Musical Tips

§ Long notes should have direction—they should intensify or decrescendo.

§ Phrases should have peaks and valleys, arrival points, and weighted notes (agogic).

§ You should carry over (connect) phrases and make sure you don’t breathe at inappropriate places.

§ If a line is repeated, do something different with it the second time.

§ Find tension and release points.

§ Musical moments usually take longer to build than they do to pull away.

§ In many styles, short notes lead to long notes.

Extramusical Stimuli

§ It’s what’s NOT on the page that makes the music.

§ Use “mood” words to establish style and ambiance.

§ Assign words to entire musical phrases to help establish meaning and purpose.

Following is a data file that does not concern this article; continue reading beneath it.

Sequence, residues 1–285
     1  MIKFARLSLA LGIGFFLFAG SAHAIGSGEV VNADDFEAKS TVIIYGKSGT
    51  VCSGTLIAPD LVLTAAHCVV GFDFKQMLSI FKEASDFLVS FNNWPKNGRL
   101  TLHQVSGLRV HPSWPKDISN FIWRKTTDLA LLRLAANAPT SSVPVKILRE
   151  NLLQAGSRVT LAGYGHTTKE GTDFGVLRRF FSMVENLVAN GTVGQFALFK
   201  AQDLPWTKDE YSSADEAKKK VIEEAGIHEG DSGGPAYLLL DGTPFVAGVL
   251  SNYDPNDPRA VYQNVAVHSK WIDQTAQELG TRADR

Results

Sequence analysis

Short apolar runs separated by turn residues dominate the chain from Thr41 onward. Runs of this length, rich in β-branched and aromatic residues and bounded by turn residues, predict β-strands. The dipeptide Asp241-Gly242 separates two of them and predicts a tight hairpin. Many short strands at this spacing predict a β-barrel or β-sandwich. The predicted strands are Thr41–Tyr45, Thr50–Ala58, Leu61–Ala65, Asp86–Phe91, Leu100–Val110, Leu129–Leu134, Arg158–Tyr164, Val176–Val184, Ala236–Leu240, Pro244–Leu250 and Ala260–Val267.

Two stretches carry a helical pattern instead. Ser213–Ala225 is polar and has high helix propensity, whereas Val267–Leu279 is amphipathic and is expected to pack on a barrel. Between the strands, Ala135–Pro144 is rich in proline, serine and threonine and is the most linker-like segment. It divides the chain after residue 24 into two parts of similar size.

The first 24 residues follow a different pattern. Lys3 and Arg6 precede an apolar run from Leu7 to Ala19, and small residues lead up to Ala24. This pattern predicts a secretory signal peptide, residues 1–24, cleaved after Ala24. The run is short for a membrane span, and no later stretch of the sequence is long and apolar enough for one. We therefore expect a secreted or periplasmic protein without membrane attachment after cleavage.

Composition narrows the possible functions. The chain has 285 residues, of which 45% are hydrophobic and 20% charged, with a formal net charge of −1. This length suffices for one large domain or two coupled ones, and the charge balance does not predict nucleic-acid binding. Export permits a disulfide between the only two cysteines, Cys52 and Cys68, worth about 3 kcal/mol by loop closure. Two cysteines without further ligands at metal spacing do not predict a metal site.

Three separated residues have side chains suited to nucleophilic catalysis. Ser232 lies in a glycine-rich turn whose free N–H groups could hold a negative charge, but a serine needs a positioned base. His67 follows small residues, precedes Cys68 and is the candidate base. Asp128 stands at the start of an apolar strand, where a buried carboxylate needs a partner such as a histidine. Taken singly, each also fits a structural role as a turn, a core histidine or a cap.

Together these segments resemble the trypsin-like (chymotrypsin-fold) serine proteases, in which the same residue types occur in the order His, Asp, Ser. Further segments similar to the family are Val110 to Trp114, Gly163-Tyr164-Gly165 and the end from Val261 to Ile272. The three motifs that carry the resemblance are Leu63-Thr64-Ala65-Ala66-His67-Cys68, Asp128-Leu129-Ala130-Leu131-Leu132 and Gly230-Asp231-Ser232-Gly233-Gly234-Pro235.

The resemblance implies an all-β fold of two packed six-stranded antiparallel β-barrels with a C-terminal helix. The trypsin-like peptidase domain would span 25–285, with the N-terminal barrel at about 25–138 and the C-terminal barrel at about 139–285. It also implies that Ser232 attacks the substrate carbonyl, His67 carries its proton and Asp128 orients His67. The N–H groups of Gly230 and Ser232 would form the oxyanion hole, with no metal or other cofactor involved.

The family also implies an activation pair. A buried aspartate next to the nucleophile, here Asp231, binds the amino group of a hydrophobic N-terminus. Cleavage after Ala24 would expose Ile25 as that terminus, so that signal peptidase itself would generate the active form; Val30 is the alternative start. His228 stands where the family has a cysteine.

§ Persichetti said, “Music is either dancing or singing.”

§ It’s what happens between the notes that makes the music come alive.

§ The music will tell you what to do; the intuitive response causes you to create more than what's on the page.

Philosophical Prompts

§ Trust your soul to feel and express the music—be musical! Tell a musical story with passion and conviction.

§ The conductor’s blood must drip with musical conviction, both to the players and the audience.

§ Try to discover music in every phrase.

§ Unlike a painting or sculpture, music can be re-created again and again, with new meaning and understanding.

§ The paper and ink don’t make the music; instruments make no sounds on their own—the soul creates the music.

§ Music must be interpreted to the point that the performance is said to be artistic and the performers, artists.